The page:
ACAD has an international reputation as one of the leading ancient DNA research centres in the world.
We provide international standard facilities for ancient DNA research in Australia, and across the Southern Hemisphere. The purpose-built laboratories are located in the state herbarium of the Adelaide Botanic Gardens, where they are isolated from other areas of molecular biology research and are protected from environmental contamination by positive air-pressure and UV light sterilisation. The facilities include freezer rooms, sample decontamination and preparation areas, and specialist still-air working areas for ancient human, animal, plant, sedimentary and microbial DNA studies.
Research is currently being conducted on bones, plants, soils and other biological specimens (especially from the Holarctic), Pleistocene megafauna and extinct species (North/South America, Australia, and worldwide) and evolutionary processes on a variety of time scales (population genetics, phylogeography, systematics, and computational-based phyloinformatics and molecular clocks), and is encapsulated by two overarching research streams - environmental change and evolutionary biology.
ACAD is supported by the Environment Institute and is a major research initiative of the School of Biological Sciences and the Faculty of Sciences, Engineering and Technology at the University of Adelaide.
Our scientists are at the forefront of key research into the phylogenetic relationships and phylogeography of extinct mammal and bird taxa.
Species of interest include the Australian megafauna, New Zealand birds, Ice Age bison, horses, sabre-tooth cats and a variety of ancient human remains – the latter as part of the National Geographic Society’s Genographic Project.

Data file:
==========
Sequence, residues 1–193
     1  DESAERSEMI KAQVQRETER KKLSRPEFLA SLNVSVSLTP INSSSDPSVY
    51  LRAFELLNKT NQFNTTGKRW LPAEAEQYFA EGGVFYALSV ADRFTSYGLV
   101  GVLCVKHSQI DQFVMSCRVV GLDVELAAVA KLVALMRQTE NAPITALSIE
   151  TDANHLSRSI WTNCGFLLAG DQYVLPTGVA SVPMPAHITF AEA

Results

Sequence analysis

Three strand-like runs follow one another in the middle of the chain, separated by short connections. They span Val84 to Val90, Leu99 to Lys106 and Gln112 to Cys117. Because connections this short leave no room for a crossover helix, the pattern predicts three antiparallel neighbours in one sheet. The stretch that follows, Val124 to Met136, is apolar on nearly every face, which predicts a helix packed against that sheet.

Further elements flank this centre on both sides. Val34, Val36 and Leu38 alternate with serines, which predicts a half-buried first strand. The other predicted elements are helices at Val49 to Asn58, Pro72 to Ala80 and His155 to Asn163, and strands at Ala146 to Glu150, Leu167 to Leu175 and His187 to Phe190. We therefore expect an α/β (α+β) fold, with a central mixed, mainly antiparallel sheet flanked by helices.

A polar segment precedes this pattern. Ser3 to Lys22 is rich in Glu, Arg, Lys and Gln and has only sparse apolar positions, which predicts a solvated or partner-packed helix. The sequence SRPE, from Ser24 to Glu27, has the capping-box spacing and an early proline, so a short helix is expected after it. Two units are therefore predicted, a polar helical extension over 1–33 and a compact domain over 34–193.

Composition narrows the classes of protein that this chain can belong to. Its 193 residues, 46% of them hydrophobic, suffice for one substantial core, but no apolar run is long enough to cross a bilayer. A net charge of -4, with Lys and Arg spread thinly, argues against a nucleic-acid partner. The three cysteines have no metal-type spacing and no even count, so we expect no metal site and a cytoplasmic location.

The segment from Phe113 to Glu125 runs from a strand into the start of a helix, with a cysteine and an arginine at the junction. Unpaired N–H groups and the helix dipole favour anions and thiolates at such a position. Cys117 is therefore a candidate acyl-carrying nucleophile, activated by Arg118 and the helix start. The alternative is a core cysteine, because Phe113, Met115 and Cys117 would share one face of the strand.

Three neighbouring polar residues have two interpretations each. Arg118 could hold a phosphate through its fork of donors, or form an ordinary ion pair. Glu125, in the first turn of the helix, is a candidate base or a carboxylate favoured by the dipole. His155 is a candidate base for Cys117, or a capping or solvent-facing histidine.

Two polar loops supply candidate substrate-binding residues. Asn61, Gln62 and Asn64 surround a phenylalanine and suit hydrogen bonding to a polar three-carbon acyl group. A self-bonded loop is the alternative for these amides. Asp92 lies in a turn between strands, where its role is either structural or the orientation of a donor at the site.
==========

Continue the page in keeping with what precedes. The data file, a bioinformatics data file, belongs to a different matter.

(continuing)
Population genetics studies of temporally distributed data are a particularly powerful form of analysis as they can identify and quantify the evolutionary impacts of major environmental change.
We are involved in a variety of genetic studies of long-term records of environmental change and human impact on biodiversity, ecosystems, and landscape stability.
Source materials include sedimentary deposits such as lakes, rivers and oceans; biominerals including bones, teeth and stalactites; ice cores; and animal and plant products such as hair, dung, eggs, seeds, roots and leaves.
We explore important topics including the timing and nature of changes in patterns of biodiversity, salinity and vegetation over the recent and distant past. This data is critical for relating information about past climates and periods of climate change directly to the biological impacts on animal and plant populations.
At ACAD, our mission is to:
- Reconstruct past ecosystems and evolutionary lineages using trace amounts of environmental and sub fossil DNA to allow prediction of future impacts and the consequences of climate change.
- Use genomic information to reconstruct the evolution of humans, domesticates, plants and animals.
- Identify environmental genomic signals through comparison to reference collections in museums and herbaria.
- Expand the repertoire of forensic techniques through innovative molecular approaches to analyse new materials.
- Solve long-standing mysteries by retrieving genetic information from the past.
We have invested in high-powered computing capacity to develop in-house pipelines and algorithms for bioinformatics capabilities.